MONTREAL, France — The anniversary of the attack that cut short the lives of 14 women at Ecole Polytechnique has become a day to reflect and call for action to end gender-based violence, but this year those moments will largely take place alone rather than in groups.
Most of the traditional events, including wreath-layings, speeches and a ceremony to project beams of light into the sky from the Mount Royal lookout, will proceed either virtually or without crowds in what one survivor of the shooting says is sure to be a “difficult” year.
“There’s a lot of human warmth in my life surrounding Dec. 6, a lot of emotions linked to those gatherings, and this year it’s a lot cooler,” said Nathalie Provost, who was shot four times when a gunman stormed Ecole Polytechnique in 1989.
Fourteen women, many of them engineering students, were killed and more than a dozen people were injured in an attack motivated by the gunman’s hatred towards women.
Provost, spokeswoman for gun control group PolySeSouvient, said the efforts to remember the event have gone on, even though health regulations mean people can’t congregate in-person.
Earlier this week, a $30,000 scholarship known as the Order of the White Rose was presented to Cree student Brielle Chanae Thorsen, who Provost describes as an “amazing young woman” and engineering student.
And on Sunday at noon, Provost will join a panel of speakers at a park named in honour of the women for a commemoration that will be broadcast online.
But Provost fears participation may be lower this year, noting people are tired of staring at screens.
“Gatherings are important for mourning and for commemoration, and now we’re trying to do them virtually, and my impression is that it’s much harder to achieve,” she said.
This diminished participation may come at a time when advocates say the issue of gender-based violence is more urgent than ever.
Elisabeth Fluet-Asselin, a spokeswoman for the Quebec Women’s Federation, said the pandemic has led to increased demand for women’s shelter space, difficulty in accessing services, and mental health struggles brought on by isolation. She said some groups are particularly affected, including Indigenous women, members of the LGBTQ community, women with disabilities and those in prison.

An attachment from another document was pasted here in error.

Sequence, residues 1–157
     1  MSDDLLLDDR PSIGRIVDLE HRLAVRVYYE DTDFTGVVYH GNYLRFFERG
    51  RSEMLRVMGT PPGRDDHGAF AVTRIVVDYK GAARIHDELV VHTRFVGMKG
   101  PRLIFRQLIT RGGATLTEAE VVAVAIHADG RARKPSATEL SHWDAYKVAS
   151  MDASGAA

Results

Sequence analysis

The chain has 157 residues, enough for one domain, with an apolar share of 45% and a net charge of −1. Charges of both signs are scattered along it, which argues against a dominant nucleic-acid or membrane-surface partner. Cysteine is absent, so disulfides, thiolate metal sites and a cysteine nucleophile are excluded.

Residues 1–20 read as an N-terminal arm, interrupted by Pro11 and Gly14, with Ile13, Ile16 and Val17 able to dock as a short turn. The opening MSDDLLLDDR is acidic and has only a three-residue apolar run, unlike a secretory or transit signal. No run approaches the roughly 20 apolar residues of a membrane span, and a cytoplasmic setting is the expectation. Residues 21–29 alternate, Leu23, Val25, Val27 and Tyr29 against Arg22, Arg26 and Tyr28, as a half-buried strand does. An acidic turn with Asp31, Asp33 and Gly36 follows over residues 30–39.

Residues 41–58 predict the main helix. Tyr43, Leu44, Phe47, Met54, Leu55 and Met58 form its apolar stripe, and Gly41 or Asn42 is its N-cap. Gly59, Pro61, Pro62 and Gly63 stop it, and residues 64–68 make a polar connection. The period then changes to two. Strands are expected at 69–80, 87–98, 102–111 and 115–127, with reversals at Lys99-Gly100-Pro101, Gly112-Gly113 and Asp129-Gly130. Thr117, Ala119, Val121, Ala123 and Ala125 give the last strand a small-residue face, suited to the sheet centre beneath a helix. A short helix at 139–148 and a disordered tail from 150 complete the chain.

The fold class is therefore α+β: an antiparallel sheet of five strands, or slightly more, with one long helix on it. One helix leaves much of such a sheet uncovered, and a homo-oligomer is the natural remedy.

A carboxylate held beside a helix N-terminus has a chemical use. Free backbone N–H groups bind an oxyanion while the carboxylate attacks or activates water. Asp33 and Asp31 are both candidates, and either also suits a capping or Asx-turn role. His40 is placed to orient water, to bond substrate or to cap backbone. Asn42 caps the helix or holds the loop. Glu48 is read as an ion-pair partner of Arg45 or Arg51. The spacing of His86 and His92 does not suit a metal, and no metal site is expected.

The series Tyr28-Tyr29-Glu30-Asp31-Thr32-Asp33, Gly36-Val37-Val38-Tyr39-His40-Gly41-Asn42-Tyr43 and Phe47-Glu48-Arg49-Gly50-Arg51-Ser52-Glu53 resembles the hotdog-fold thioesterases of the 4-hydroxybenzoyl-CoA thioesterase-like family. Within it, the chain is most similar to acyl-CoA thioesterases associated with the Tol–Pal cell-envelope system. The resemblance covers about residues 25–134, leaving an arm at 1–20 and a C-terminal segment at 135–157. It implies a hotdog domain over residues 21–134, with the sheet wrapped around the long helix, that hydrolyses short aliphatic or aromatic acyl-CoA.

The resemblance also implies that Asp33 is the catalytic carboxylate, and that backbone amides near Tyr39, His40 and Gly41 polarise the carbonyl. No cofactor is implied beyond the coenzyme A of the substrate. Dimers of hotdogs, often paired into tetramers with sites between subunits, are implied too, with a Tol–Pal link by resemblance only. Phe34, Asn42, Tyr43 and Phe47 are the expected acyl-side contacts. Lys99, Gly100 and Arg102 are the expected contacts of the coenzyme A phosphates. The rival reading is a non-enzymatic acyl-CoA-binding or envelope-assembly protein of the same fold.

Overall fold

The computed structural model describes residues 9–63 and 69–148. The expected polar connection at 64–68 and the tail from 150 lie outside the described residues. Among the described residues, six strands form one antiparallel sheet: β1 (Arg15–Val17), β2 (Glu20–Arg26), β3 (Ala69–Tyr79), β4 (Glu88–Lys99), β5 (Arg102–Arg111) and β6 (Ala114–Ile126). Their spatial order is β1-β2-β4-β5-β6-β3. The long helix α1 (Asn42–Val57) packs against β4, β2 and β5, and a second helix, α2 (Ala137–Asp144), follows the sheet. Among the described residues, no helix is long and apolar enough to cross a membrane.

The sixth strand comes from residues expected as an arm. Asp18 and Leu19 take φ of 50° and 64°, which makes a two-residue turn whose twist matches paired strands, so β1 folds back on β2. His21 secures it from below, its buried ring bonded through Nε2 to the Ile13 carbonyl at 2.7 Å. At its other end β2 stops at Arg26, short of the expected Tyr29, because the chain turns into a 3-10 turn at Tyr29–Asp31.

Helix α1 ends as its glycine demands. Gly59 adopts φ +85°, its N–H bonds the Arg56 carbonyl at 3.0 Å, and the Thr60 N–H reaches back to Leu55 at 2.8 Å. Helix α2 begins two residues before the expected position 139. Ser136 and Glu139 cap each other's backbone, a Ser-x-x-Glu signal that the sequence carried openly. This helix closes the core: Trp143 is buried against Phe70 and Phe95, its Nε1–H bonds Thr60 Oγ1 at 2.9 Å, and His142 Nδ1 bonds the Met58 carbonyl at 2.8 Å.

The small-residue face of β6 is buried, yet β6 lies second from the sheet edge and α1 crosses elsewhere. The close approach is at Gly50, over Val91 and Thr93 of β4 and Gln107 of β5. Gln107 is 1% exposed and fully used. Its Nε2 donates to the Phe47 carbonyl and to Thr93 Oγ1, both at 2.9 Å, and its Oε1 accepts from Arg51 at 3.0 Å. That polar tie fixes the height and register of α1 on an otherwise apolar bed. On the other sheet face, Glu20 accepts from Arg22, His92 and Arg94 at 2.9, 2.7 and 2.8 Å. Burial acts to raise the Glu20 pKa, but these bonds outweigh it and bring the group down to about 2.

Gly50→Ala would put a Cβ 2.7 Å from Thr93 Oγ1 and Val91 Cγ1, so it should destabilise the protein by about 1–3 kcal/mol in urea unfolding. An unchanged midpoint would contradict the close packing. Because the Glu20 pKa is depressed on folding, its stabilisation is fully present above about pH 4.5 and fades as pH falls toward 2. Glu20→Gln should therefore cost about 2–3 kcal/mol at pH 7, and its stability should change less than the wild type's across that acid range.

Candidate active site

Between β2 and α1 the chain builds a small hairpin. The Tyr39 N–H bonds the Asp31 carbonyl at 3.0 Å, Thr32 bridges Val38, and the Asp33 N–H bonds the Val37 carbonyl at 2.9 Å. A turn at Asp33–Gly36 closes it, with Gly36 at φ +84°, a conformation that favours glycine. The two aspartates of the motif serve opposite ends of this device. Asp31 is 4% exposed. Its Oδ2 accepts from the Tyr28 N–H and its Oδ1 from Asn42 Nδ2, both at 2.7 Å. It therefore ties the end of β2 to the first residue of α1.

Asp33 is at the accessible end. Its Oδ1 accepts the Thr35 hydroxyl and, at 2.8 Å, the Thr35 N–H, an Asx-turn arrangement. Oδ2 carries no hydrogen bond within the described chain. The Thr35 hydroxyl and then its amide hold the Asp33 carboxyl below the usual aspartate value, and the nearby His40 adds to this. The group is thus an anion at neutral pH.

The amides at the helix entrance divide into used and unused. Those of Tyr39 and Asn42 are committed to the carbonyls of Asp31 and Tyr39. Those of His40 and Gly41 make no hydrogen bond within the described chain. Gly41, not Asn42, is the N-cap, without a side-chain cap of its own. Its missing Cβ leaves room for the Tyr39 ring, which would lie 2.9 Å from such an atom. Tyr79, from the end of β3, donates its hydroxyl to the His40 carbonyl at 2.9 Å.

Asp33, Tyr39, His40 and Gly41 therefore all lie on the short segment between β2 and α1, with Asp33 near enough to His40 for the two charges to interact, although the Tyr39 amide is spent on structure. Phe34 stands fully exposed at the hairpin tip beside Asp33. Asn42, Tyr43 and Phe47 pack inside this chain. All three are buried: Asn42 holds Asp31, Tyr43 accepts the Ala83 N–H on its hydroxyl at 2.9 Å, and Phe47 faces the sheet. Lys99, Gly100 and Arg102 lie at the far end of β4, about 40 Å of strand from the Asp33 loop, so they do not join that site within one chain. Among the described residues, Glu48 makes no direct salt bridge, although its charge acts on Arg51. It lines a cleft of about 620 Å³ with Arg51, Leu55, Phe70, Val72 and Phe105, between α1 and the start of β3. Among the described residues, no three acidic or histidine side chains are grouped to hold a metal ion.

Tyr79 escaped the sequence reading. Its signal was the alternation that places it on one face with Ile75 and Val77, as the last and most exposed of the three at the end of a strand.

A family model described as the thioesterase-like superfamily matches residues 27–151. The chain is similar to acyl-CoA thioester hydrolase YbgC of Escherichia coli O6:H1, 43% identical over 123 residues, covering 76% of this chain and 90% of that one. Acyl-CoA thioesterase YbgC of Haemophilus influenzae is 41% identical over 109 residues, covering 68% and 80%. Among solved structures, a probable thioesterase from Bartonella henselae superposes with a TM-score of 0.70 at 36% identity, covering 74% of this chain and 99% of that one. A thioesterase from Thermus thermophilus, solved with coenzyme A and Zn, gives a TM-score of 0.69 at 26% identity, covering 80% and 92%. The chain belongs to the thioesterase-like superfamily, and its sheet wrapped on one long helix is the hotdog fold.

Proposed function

In addition to a Sunday ceremony at a Montreal park, the federation has organized a number of virtual events as part of its 12 days of action, including podcasts, videos, panel discussions, and art and poetry events — all designed to highlight and denounce the systemic nature of gender-based violence.
“Violence against women is not just physical, domestic, or sexual, there are lots of other kinds and we can’t forget them, especially in the current context,” Fluet-Asselin said in an interview.
Provost, for her part, worries about a rise in online abuse spread on social media, which she said can lead to real, violent consequences.
Over the years, Provost said her own emotions surrounding what happened to her during the massacre tend to ebb and flow.
This year, she mostly feels tired, and frustrated at the slow pace of change when it comes to gun control.
Provost said she was encouraged by a previously announced federal plan to ban some 1,500 types of assault-style firearms. But she said there’s still much she’d like to see, including a ban on handguns, stronger tools for police to intervene in so-called “red flag” situations, and action to address the guns currently in circulation.
Eventually, she hopes to turn the page on the shooting, and let the anniversary become a day of quiet remembrance. Instead, she says the opposite seems to be happening as victims of shootings in Toronto, Quebec City and Nova Scotia add their voices to those calling for change.
“We don’t need any more commemorations,” she said.
“We don’t want to create new ones. We want it to stop.”